Next, you’ll want to prep the guest list. In my experience, you’re generally going to want 10-20 people. Fewer than ten and the event isn’t dynamic enough and doesn’t really feel “large”. More then twenty and the lack of focus kind of just devolves into noise. Fifteen or so feels like a pretty good sweet spot to aim for.
(Obviously many events will have a larger attendance than that. But you’ll want to focus on the circle of NPCs that are immediately relevant to the PCs.)
First, you’ll want to prep a master list of names that you can use as a quick reference while running the event.
Next, you’ll want to prep each of these important NPCs using the Universal NPC Roleplaying Template. The template will let you quickly pick up each NPC and slip into their role during the event.
I recommend printing out one NPC per sheet and keep them loose-leaf. That will let you quickly pull out the sheets for each NPC participating in a particular conversation for easy use. If you’ve got the time and resources, it can also be rewarding to prep a visual handout for each NPC. During each conversation, you can just quickly prop up the visual handouts for each NPC present, making it easier for the players to track who they’re talking to and enhancing their memory of each character as a separate individual. (They can also serve as handy visual reminders for you.)
KEY INFO: The Key Info section of the roleplaying template is designed for scenario-essential information that is crucial for the GM to remember when using the NPC. When using the template for a social event, this can include:
- The character’s relationship with or attitude towards other NPCs. (“Despises Susannah.” or “Will enjoy swapping war stories with the naval officers.”)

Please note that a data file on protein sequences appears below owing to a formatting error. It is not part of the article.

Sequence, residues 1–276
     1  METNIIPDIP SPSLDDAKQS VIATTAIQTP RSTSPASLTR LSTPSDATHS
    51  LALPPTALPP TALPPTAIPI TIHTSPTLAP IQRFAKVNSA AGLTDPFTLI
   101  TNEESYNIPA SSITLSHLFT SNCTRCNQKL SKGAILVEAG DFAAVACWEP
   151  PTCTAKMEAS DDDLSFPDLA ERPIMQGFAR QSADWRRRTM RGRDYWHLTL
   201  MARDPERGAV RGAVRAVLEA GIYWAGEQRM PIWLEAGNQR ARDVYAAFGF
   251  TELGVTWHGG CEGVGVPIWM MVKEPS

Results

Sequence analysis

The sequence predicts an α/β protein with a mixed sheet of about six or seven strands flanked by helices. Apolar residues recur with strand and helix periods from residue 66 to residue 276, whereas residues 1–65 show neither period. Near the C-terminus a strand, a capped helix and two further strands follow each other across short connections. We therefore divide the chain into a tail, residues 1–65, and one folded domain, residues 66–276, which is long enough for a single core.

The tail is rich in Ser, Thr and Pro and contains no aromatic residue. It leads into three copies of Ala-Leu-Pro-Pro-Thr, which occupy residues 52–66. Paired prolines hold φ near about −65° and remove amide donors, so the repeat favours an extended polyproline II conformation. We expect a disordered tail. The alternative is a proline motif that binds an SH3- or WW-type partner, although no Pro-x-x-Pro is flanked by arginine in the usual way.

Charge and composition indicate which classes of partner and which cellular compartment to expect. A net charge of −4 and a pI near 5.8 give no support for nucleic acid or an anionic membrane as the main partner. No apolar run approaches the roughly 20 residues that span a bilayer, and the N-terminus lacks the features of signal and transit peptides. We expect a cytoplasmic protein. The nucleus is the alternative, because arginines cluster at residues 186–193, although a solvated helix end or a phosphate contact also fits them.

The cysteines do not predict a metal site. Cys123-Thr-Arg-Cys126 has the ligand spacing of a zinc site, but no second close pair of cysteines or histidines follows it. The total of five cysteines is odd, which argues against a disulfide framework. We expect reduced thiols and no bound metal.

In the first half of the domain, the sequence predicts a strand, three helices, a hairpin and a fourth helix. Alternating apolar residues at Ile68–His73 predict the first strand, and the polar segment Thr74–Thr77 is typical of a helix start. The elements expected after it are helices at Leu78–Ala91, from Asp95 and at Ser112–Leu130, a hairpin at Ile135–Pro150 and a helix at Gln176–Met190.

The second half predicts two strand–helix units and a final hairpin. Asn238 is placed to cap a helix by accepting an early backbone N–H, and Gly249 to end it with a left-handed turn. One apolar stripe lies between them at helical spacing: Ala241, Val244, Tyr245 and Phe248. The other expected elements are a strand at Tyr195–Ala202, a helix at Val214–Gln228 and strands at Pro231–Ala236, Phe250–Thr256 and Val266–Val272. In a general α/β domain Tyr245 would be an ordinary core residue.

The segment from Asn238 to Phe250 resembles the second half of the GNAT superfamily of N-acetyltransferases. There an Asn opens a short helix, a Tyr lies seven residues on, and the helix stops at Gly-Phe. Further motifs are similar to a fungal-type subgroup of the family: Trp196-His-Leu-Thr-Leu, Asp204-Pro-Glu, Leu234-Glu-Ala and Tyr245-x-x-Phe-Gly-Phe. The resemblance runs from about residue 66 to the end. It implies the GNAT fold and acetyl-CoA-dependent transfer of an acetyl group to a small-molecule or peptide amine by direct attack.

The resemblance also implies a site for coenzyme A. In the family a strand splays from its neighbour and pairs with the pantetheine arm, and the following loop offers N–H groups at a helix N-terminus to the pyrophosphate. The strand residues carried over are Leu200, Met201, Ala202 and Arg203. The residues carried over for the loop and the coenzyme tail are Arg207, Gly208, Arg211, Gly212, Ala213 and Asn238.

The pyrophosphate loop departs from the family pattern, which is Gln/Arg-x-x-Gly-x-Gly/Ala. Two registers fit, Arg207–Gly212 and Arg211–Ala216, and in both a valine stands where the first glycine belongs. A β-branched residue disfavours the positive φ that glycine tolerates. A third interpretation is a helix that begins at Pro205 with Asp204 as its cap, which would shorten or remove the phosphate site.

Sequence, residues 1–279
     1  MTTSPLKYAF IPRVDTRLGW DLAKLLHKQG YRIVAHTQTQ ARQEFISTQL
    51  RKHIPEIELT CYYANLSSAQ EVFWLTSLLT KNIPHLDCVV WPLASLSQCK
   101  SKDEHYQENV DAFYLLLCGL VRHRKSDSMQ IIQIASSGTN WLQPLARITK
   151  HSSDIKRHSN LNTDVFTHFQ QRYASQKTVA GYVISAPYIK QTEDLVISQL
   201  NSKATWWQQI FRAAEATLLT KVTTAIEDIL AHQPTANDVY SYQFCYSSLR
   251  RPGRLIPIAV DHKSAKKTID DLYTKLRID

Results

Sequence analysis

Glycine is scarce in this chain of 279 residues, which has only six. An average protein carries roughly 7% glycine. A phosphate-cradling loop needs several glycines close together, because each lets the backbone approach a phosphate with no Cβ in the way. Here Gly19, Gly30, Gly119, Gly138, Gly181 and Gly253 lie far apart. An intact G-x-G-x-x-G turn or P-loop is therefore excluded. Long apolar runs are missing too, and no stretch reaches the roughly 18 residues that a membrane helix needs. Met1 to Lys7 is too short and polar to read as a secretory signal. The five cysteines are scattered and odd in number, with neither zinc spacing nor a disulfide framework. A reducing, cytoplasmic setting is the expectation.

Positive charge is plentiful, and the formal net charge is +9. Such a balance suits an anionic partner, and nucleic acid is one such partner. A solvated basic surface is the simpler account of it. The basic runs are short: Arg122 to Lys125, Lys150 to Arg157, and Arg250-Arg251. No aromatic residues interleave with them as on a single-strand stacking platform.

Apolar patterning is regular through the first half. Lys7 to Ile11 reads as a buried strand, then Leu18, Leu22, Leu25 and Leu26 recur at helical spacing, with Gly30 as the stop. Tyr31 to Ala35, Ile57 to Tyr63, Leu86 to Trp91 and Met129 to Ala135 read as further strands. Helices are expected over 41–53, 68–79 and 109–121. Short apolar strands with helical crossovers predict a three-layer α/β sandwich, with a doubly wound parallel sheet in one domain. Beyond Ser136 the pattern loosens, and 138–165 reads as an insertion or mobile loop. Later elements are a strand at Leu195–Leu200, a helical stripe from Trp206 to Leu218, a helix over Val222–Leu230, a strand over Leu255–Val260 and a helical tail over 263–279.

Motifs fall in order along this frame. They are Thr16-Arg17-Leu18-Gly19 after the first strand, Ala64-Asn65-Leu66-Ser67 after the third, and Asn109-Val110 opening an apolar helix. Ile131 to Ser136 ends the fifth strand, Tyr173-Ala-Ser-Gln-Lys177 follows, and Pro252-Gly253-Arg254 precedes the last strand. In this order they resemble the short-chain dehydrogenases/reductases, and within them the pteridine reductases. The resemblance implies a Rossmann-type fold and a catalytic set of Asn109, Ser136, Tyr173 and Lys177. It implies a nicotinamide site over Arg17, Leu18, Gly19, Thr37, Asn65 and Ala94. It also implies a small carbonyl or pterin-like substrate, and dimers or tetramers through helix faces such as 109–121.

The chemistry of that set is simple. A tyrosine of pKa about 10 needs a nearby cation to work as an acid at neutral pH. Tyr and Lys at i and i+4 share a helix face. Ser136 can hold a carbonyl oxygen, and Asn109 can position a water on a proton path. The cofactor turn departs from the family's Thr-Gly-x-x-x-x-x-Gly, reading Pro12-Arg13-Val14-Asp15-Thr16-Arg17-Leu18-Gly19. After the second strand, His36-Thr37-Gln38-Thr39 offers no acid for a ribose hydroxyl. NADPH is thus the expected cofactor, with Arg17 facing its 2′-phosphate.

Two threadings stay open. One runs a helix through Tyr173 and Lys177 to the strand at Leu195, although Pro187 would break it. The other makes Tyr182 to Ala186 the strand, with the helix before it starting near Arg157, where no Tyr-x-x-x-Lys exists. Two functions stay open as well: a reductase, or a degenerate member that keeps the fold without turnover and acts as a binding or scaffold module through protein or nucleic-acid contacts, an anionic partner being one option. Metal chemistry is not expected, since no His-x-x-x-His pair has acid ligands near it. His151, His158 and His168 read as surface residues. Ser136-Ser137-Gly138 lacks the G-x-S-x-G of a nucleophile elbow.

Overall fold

- Specific reactions that they might have to stimuli. (“Is angered by anyone suggesting that her father is dying.”)
- Particular actions or interactions that should be triggered. (“Will try to poison Cassandra’s drink.” or “Wants to sell the PCs timeshares in Venice Beach.”)
- Clues that can be gleaned from them. (“Knows the knife belonged to Cassandra.” or “Perception check (DC 20) to notice that her dress has been torn.”)
- Scenario hooks.
- Cross-references or common experiences that they share with particular PCs. (“Was raised in the same orphanage as Bella.” or “Was a friend to the duke they killed in session 3.”)
- Unusual or important gear they might be carrying. (“Her glass eye allows her to see through walls.” or “The golden cross she wears is made of aurum (true gold).”)
Obviously some of these categories overlap with each other, and there are plenty of other essential details that will be scenario- or character-specific.
MAIN EVENT SEQUENCE
Next you’re going to prep what I call the main event sequence for the event. For example:
- Announcing Guests of Special Honor
- Iron Mage Appears
- Aoska Arrives
- Urlenius Arrives
- Lord Dallimothan Arrives
- Lady Rill Joins the Party
- Arguing About the Balacazars
- Debate of the Twelve Commanders
- Sheva and Jevicca Seek Out the PCs
- A Poetry Reading
I usually prep these as a linear sequence (A happens, then B happens, then C happens). You could also just prep a grab bag of events that could happen in any sequence. (You could even stock a random table and roll to see what happens next.) If you want to run something a little more complicated, you could also try prepping multiple event sequences. (This is a variant of the Second Track.)